People attend a funeral, and we hear the deceased passed in his sleep. We hear about a man who died in the Vietnam War saving his friend. A woman talks about how she lost her husband to dementia. Several cancer patients are administered chemotherapy. Characters grieve losses and express fear about future deaths. They also comfort each other regarding both.

Katherine introduces her friends to her new girlfriend. Danny talks about how he came out as gay to his classmates. He thanks an older man who was in a closeted relationship until his lover was killed in war.

A couple flirts and makes plans for intercourse. A man jokes about having sex with his wife to embarrass his son. Someone speculates about a celebrity couple’s sexuality. A few couples smooch.

People drink wine. We hear a story about a car accident (no one was injured). After learning Gary never shoplifted as a child, Danny bullies him into stealing something from a pharmacy. Sophie says she couldn’t always rely on her parents growing up. We hear a few uses of “h—.” God’s name is abused a handful of times as well.

A man says he went to church for 30 years for his dad. A boy says he likes to think his dad is in heaven.

Nov. 7, 2018 – S1, Ep7: “I Dare You”

Delilah is pregnant with Eddie’s baby, unbeknownst to Eddie’s wife, Catherine, and Delilah wants to pretend that it is her deceased husband’s child. Delilah’s son, Danny, has a crush on a fellow seventh-grade boy. Rome and his wife, Regina, wade through marital issues after she finds out that Rome tried to commit suicide, is struggling with depression and has been confiding in another woman. Rome is rushed to the hospital with stomach pains. Gary’s love interest, Maggie, has cancer but prefers to live in the moment instead of seeking treatment.

Couples kiss and flirt and lie in bed together. Two people engage in a relationship solely for its sexual benefits. A woman lies in bed without pants (we see her bare upper thighs). Women wear revealing outfits.

A woman is scared to proceed with chemotherapy and bears multiple bruises on her arms. A man collapses and is rushed to the hospital where doctors suspect that he has overdosed from antidepressants. A doctor discusses a suicidal patient. A man writhes in pain while trying to pass a kidney stone. Someone reference smoking cigarettes. People yell and cry. Men and women drink wine and beer.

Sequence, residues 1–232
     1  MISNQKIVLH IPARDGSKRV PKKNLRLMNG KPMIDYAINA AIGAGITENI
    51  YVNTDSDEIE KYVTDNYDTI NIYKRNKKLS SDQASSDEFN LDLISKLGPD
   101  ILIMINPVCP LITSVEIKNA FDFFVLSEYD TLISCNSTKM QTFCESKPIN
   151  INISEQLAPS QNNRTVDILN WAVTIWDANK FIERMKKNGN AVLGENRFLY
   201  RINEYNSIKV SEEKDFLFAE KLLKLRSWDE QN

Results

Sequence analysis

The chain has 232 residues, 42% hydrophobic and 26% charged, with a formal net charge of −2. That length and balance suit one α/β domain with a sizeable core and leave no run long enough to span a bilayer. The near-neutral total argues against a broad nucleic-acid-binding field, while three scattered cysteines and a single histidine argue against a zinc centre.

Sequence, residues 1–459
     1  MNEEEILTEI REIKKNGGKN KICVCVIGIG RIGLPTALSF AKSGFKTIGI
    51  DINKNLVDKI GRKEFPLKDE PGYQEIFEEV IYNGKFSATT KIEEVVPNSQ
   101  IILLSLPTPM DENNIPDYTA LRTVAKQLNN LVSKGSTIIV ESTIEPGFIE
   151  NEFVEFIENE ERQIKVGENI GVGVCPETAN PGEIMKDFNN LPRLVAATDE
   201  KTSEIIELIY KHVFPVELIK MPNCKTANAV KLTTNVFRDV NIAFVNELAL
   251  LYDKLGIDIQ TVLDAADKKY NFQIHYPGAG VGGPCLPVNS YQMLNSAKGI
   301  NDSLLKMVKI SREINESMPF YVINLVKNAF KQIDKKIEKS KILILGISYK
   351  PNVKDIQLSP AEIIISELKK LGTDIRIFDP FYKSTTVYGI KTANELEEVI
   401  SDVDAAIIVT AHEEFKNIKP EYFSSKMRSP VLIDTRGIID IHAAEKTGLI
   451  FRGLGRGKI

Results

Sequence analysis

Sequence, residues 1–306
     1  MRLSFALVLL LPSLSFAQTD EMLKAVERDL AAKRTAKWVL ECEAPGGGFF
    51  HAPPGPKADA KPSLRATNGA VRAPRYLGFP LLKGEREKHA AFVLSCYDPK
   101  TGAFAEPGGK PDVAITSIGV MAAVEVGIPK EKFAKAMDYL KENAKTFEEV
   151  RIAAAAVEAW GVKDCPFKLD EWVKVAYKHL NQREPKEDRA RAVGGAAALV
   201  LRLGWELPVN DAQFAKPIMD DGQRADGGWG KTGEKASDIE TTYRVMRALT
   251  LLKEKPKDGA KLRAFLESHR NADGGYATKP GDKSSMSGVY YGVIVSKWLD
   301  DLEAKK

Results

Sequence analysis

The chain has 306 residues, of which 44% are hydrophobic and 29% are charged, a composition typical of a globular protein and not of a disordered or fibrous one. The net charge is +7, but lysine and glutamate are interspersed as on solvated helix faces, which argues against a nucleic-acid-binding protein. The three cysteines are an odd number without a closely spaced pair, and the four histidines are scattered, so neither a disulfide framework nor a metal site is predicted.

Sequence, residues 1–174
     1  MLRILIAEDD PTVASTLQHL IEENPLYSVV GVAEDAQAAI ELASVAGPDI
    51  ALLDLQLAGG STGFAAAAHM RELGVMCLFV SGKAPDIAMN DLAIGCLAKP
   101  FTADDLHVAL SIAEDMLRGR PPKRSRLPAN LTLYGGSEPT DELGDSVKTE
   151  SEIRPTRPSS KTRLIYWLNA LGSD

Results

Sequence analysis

God’s name is misused nearly ten times. Someone says “d–mit,” and “freaking.”

Sept. 26, 2018 – S1, Ep1: “Pilot”

John Dixon apparently commits suicide. (We don’t see him leap to his death, but we do see his lifeless body on a car hood below.) His friends and family grapple with the apparent senselessness of the act. The wealthy real estate tycoon seemed to have it all, and his three best friends (Gary, Rome and Eddie) struggle to cope with the guilt they feel over his death.

A spiritual thread runs through the episode. John was a big believer that everything happens for a reason. Gary, in the face of John’s suicide, initially rejects that philosophy completely: But he’s a cancer survivor, so Eddie suggests just that fact alone—that he survived cancer—should foster a belief in a greater purpose.

“Let me be very clear,” Gary says. “First of all, God didn’t clear my cancer. Science did. Secondly, it’s not that I don’t have cancer, Ed. It’s that I don’t have cancer right now.” He dares anyone to find meaning in John’s death. No greater good can come of such a thing, he argues.

But Rome pipes up. “If you hadn’t called me to tell me about John, I’d be dead right now,” he confesses. “I had a mouthful of pills when I answered the phone.” And it’s true. He spit those pills out when he heard the news, then bent down beside the kitchen sink, his hands clasped as if in prayer.

John’s funeral takes place in a church. Regina, Rome’s wife, says that even though she hasn’t been to church since high school, she plans to “swing by on Sunday, because someone needs to explain this to me.” (She also later quotes her father, saying “We black: We don’t talk about [depression]. We got Jesus.”)

We see two lovers—both married, but not to each other—in bed together, kissing and apparently naked. Gary and his girlfriend frantically make out and start to strip off clothes in a public restroom. (The woman, Maggie, tells Gary that her breasts are fake; he doesn’t care.) Gary and others make crude references to the male anatomy, and some jokes are made about Gary’s breast cancer (sometimes using crass slang terms for “breasts”). A breast cancer survivor talks about how she still has sex with the lights off.

We hear about how Gary threw up in the back of John’s car after getting chemotherapy. Characters drink beer frequently, wine occasionally and slug a round of shots as well. Eddie is a recovering alcoholic, and he nearly ends seven years of sobriety before his son pulls his attention elsewhere. Characters say “d–n,” “h—” and “crap.”

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Paul Asay

Paul Asay has been part of the Plugged In staff since 2007, watching and reviewing roughly 15 quintillion movies and television shows. He’s written for a number of other publications, too, including Time, The Washington Post and Christianity Today. The author of several books, Paul loves to find spirituality in unexpected places, including popular entertainment, and he loves all things superhero. His vices include James Bond films, Mountain Dew and terrible B-grade movies. He’s married, has two children and a neurotic dog, runs marathons on occasion and hopes to someday own his own tuxedo. Feel free to follow him on Twitter @AsayPaul.

Emily Tsiao

Emily studied film and writing when she was in college. And when she isn’t being way too competitive while playing board games, she enjoys food, sleep, and geeking out with her husband indulging in their “nerdoms,” which is the collective fan cultures of everything they love, such as Star Wars, Star Trek, Stargate and Lord of the Rings.

Kristin Smith

Kristin Smith joined the Plugged In team in 2017. Formerly a Spanish and English teacher, Kristin loves reading literature and eating authentic Mexican tacos. She and her husband, Eddy, love raising their children Judah and Selah. Kristin also has a deep affection for coffee, music, her dog (Cali) and cat (Aslan).